Because it’s not the very last layer, your top layer should still be lightweight and flexible. Think about materials such as thick wool, lined nylon and even some thin down-fill options. Essentially, your top layer should consist of what you would wear to go on a short late-winter hike, plus a few added pieces. On its own, this kind of clothing isn’t enough to protect you from the coldest weather, but when you add the other three layers in, it performs beautifully.
Picking Your Top-Layer Pieces
With just one more layer to go between you and the elements, the top layer gets a bit more specialized than the previous two. Here’s what you need:
- Thick waterproof hat with ear protection (head)
- Windproof balaclava (face)
- Gaiter or short, thick scarf (neck)
- Water-resistant jacket with hood (chest, arms)
- Lined, water-resistant trousers (legs)
- Midweight mittens or gloves (hands)
- Thick socks (feet)
Focus on both wind and moisture protection with each of these items. This is the layer where the difference between “waterproof” and “water-resistant” becomes relevant. Waterproof materials shed water and prevent any absorption, and those labelled as water resistant prevent some, but not all, water absorption. You’re focusing on water resistant fabrics at this point because they’re generally more flexible and breathable than waterproof materials.
Flexibility and breathability are still a germane concern with your top layer. The one exception here is your hat, which should be large and protective enough to keep you safe if you need to take down the hood on your outer-layer coat.
Protecting Yourself With an Outer-Layer Shell
Last but most certainly not least, it’s time to get your outer layer in order. This layer is like the fence around a fortress; it’s intended to keep unwanted elements from reaching the well-guarded inner sanctum. This is the layer that does direct battle with wind, rain, hail, snow and ice. You can win that fight against winter if you make the right outer layer choices.
At this point, you shouldn’t worry too much about flexibility and breathability, though of course it’s imperative that you’re able to move. Survival isn’t about standing in place, after all. Still, the main goal for your outer layer is to build a protective cold- and moisture-repelling shell around yourself. Always keep that in mind as you consider which outer-layer pieces to choose. For more review of the best in men’s ski jacket, check our our article on this topic.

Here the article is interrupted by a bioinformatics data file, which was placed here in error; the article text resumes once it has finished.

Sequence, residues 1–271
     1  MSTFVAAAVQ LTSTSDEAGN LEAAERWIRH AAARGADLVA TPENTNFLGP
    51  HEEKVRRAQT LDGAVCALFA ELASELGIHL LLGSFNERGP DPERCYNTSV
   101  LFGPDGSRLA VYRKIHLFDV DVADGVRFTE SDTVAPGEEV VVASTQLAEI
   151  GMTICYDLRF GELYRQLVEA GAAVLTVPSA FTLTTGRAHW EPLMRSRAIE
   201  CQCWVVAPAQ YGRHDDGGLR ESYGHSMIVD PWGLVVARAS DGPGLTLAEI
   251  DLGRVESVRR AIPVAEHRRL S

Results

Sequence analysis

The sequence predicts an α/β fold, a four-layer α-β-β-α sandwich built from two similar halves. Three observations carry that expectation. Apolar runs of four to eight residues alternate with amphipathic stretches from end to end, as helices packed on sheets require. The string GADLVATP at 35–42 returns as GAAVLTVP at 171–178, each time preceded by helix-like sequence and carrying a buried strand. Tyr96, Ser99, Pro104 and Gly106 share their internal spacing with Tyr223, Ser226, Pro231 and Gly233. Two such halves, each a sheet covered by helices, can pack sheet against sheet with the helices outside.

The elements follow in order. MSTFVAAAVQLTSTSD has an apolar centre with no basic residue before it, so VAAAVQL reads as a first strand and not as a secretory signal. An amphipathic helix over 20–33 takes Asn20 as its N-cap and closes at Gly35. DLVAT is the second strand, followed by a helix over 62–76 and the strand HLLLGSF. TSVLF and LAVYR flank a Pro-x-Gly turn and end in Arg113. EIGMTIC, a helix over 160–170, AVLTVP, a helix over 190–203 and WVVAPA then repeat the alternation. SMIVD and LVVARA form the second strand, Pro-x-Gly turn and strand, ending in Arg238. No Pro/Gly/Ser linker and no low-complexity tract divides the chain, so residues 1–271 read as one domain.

Must-Have Items For an Effective Top Layer
This is by far the most detailed layer in your wardrobe. You need to give yourself the ability to cover every single bit of skin on your body. Leave nothing out in the cold, not even your eyes. Make sure each item of clothing is fully adjustable so you can cinch things shut and close off as much of your body as possible to the harsh temperatures, wind and precipitation around you.
Here’s what you need:
- Winter goggles (eyes)
- Winter mask (nose, mouth)
- Waterproof coat or parka with large hood (chest, arms)
- Waterproof trousers (legs)
- Snow gaiters (legs)
- Waterproof mittens (hands)
- Insulated, waterproof boots with traction soles (feet)
- Crampons (feet)
All of these outer-layer items should be the thickest, warmest you can find. This is where thick layers of down or feather fill comes in handy for everything from your mittens to your parka and trousers. See our tips on how to choose the best women’s base layer for more options.
Some things to look out for as you pick out these items: your coat or parka should extend past your hips to provide maximum protection for your vital organs, and the hood should cinch shut and provide only a small opening for you to see out of.
Additionally, mittens are a better choice than gloves for this layer because you trap in more body heat by bundling all your fingers together than by letting them all hang out individually in gloves.
Yes, you’ll sacrifice some manual dexterity, but that’s why you have three layers of gloves on underneath. If you must, you can quickly remove your mittens, do what you need to do and put them back on to start warming your hands back up.
Another thing to keep in mind is that you may find yourself shedding top-layer items as needed. For example, crampons can actually slow you down and become dull if you wear them on anything but a slick, icy surface. And if wind isn’t driving and the sun isn’t blinding, your goggles might actually do more harm than good by obstructing your vision. Be smart and exercise caution when it comes to wearing or shedding items from your top layer.
Are You Ready to Fight the Frost?
Now that you know how to layer clothes in the most effective way, you’re ready to create a survival wardrobe the coldest weather you can imagine. When you choose the right fabrics and create each layer with careful attention to detail, your winter survival wardrobe may just be enough protection from the worst winter conditions on earth. Do check out our review of the top cold weather clothing to keep you dry and snug.
As you build your wardrobe, stay humble and remember that Mother Nature takes no prisoners.